By Richard Vedder
Recently, I posted a blog complaining about the state of intercollegiate athletics. But what can be done? Given the popularity of sports, and the huge amounts of money involved given the entertainment value of revenue sports like football and basketball, there are limits probably as to how the system can be reformed, and the notion that a few brave university presidents will lead piecemeal reform is sheer fantasy. As Vanderbilt's President Gordon Gee said after modestly downgrading the athletic bureaucracy at that school, "if I tried this at Ohio State, I would be pumping gas today."
Here is a scenario that just might be possible. The Presidents of the Ivy League schools gather together the presidents of many academic respectable schools from several important athletic conferences, as well as a respected independent (non-conference) school or two. For example, the presidents of the University of Michigan, University of Illinois, University of Wisconsin, University of Minnesota, Duke, Northwestern, Stanford, University of California at Berkeley, UCLA, Notre Dame, University of Washington, University of Texas, University of Georgia, University of Virginia, University of Southern California, University of North Carolina, and Vanderbilt (to pick 16 schools) declare, along with the 8 Ivy League Presidents (Harvard, Yale, Princeton, Columbia, Cornell, Dartmouth, Brown, Pennsylvania) that we insist that intercollegiate athletics be constrained in several ways or we are going to remove our schools from our respective conferences. Some possible constraints:
* Seasons and training periods would be drastically shortened (e.g., 9-game football seasons plus one bowl game as a maximum; 35-game baseball seasons;
* No games may be played during examination periods, nor may any athlete miss more than 2 consecutive days of school for any athletic purpose
* Redshirting would be prohibited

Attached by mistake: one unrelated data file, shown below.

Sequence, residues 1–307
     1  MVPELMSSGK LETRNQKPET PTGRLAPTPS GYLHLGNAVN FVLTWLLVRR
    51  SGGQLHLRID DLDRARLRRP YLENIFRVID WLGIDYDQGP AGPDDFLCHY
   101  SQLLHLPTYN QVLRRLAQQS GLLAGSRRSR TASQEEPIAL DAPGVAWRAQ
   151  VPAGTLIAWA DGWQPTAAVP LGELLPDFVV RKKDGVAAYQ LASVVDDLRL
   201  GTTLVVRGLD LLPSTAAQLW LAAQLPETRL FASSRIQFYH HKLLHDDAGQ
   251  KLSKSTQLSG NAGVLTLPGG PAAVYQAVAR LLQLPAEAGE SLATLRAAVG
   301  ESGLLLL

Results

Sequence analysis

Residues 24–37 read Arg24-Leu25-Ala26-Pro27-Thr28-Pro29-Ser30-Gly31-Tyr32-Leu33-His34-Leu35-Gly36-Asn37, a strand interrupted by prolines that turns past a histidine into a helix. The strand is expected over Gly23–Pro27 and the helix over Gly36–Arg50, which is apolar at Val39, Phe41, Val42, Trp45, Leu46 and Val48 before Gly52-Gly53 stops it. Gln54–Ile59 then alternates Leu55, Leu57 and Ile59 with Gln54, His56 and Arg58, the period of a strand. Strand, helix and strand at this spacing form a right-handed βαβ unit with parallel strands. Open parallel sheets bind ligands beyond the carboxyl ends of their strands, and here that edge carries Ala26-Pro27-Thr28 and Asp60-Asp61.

* Maximum team sizes in football would be reduced to 65 (partly as a cost containment measure);
* The salaries of coaches will be constrained so that they would not exceed that of the President of the United States, or the President of the University, whichever is smaller;
* The college presidents would endorse an agreement to testify for the end of tax exempt status for any gift to a university for athletic purposes.
An alternative approach would be for the aforementioned group of 24 university presidents, perhaps joined by some other presidents of prestigious schools (e.g. University of Chicago, Washington University in Saint Louis, Georgetown, New York University, M.I.T, Cal Tech, Emory, George Washington University, Rice University, the University of Rochester) to appeal to Congress to insist that schools wanting federal grants adhere to these standards (I am somewhat weary of Congressional intervention myself because it opens the door to future federal interference).
Whether any of this could work, who knows? As long as millions of dollars in revenue are at stake, I am skeptical, but it might be worth a try. An alternative approach would be go the other direction, openly declare that "we are in the professional sports business", and start paying athletes more (and, by inference, coaches less). But remove tax exempt status for any charitable contributions to athletic departments, and also tax exempt status for such things as sky boxes in stadiums. Also subject sports operations to income taxation. And end the fiction of the "student-athlete" for the big revenue sports, football and basketball.
I am not against sports. I think athletic participation can build leadership qualities, instill discipline, promote hard work, and improve interpersonal relationships. But the Aristotelean golden mean is needed here, some moderation and perspective that is lacking at many of our nation's institutions of higher learning. This is further evidence that the socialization dimension of higher education is increasingly trumping the educational function on many campuses, and that should stop.